Our Inception


“It seems like a lifetime ago,” said Richard C. Meehan, Jr., the band ‘s first president, “when a small group of misplaced band musicians sat down for the founder’s meeting of what became the Spartanburg Community Band. The place was Papa Sam’s Breakfast Nook on East Saint John’s Street. That was in the summer of 1995. We all wanted a venue in which amateurs to professionals, young to seasoned, could be comfortable playing on a regular basis, something that would offer quality music to keep us challenged, and concerts for the general public. We were told by many that it was impossible, that it had been tried back in the 1950’s and failed, that Spartanburg would not support a community band. We ignored the doomsayers, made it happen through hard work. The case in point became the overwhelming first rehearsal on January 2, 1996. More than forty hungry musicians simply appeared out of thin air after reading an announcement in the Spartanburg Herald Journal that we were to have a new band.”

First Concert 1996

“We called ourselves the Ad Hoc Committee after that. Everyone we could think of was subjected to personal phone calls, mailings, and arm twistings to come join the SCB. Our first newsletter, The Definitive Ear, went to conductors, music teachers, politicians, friends, family, relatives, and some not so relative (or is it relevant?).” Since January of 1996, the SCB has continued to serve as Spartanburg’s only open symphonic band group, exactly what the founder’s dreamed.”

Those present at the first meeting were Jenni H. Thompson, Donna “D.J.” Prichard, Richard C. Meehan, Jr., Coleen Felty, David DeLucca, Kevin Hazen, Glen Plumley, and Marilyn Kimple. Others that joined the ad hoc committee by December of 1995 included Michael Miller, Charles Wethington, Melanie Glenn, Betty Fletcher, and Kyle Thompson.

The SCB became incorporated through the Secretary of State of South Carolina on August 27, 1996. This officially registered the band as a 501(c)(3) nonprofit corporation known as Spartanburg Community Band, Inc. The articles were signed by Jenni H. Thompson, James R. Barnes, Charles A. Wethington, Greg K. Fuller, Donna “D.J.” Pritchard, Richard C. Meehan, Jr., Marilyn Graves Kimple, John Holloway, Kevin Hazen, and Thomas A. Fridy, III.

As with all non-profit organizations, the SCB had to produce a constitution to satisfy the laws of the State of South Carolina and the IRS.



Mr. Carl Fillmore McMath donated his personal band music library to the SCB in 2001 after retiring from the Spartanburg School District Seven band program. After graduating from the University of South Carolina in 1957, Carl taught band students from junior high to high school for many years alongside Mr. Jim Smith, Mr. Clarence Jones, and Mr. Richard Gibbs – a powerhouse team of mentors for musical success! Carl plays the trumpet, along with just about everything else. With a quiet style of directing, Carl gently but powerfully influenced the education of hundreds of band students during his career. Several of those players are members of the SCB today. All will say that Mr. Carl Fillmore McMath inspired them to continue the lifelong pleasure of symphonic band music performance! Father of Carol and Elizabeth, Carl currently lives in New Bern, North Carolina.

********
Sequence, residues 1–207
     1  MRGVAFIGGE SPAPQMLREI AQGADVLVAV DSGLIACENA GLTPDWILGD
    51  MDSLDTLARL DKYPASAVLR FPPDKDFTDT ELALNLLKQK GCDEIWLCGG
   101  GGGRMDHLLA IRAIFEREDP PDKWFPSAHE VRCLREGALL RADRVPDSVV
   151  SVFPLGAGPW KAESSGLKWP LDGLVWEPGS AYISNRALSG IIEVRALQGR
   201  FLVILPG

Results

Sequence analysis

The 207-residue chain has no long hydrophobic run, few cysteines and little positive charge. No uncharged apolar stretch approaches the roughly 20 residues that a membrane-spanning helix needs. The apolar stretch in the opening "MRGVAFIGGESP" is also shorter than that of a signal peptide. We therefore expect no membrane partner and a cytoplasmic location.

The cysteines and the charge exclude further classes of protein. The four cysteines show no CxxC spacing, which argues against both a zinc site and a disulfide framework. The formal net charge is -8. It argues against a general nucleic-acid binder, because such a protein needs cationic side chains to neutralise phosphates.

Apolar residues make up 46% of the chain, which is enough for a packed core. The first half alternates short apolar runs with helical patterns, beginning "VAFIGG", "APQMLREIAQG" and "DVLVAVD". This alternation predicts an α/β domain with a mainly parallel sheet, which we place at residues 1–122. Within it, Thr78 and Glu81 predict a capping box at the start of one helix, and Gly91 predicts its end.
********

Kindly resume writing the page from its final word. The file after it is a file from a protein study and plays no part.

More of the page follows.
Carl Fillmore McMath, 85, passed away on December 6, 2020, in New Bern, NC. He was a resident of Brookdale Senior Living for the past 3 years and had been living in New Bern for the last 12 years.
A graduate of the University of South Carolina and Appalachian State University, he spent the majority of his professional career teaching band in Spartanburg District 7 Schools from 1964-1987. He was the Associate Band Director of the Spartanburg High School Band and enjoyed teaching on the High School level, but found particular satisfaction working with Junior High bands in the latter part of his career. He taught band part-time during his retirement. Carl was an ASBDA (American School Band Directors Association) member and was inducted into the Band Director’s Hall of Fame. As a musician, he played both cornet and trumpet. Carl played with numerous ensembles, church orchestras, and groups during his working career and retirement. He also served as the Minister of Music at various churches in the Spartanburg, SC, area. Carl conducted for the last time in 2016 as a guest conductor for the Spartanburg Community Band’s 20th Anniversary concert. He was a US Marine Corps reservist and a First Presbyterian Church member in New Bern, NC. He is preceded in death by his first wife, Nina Moore McMath, and second wife Lois Evans. Survivors include 2 daughters, Elizabeth Sinderman (John) of Spartanburg, SC, and Carol McMath of Taylors, SC.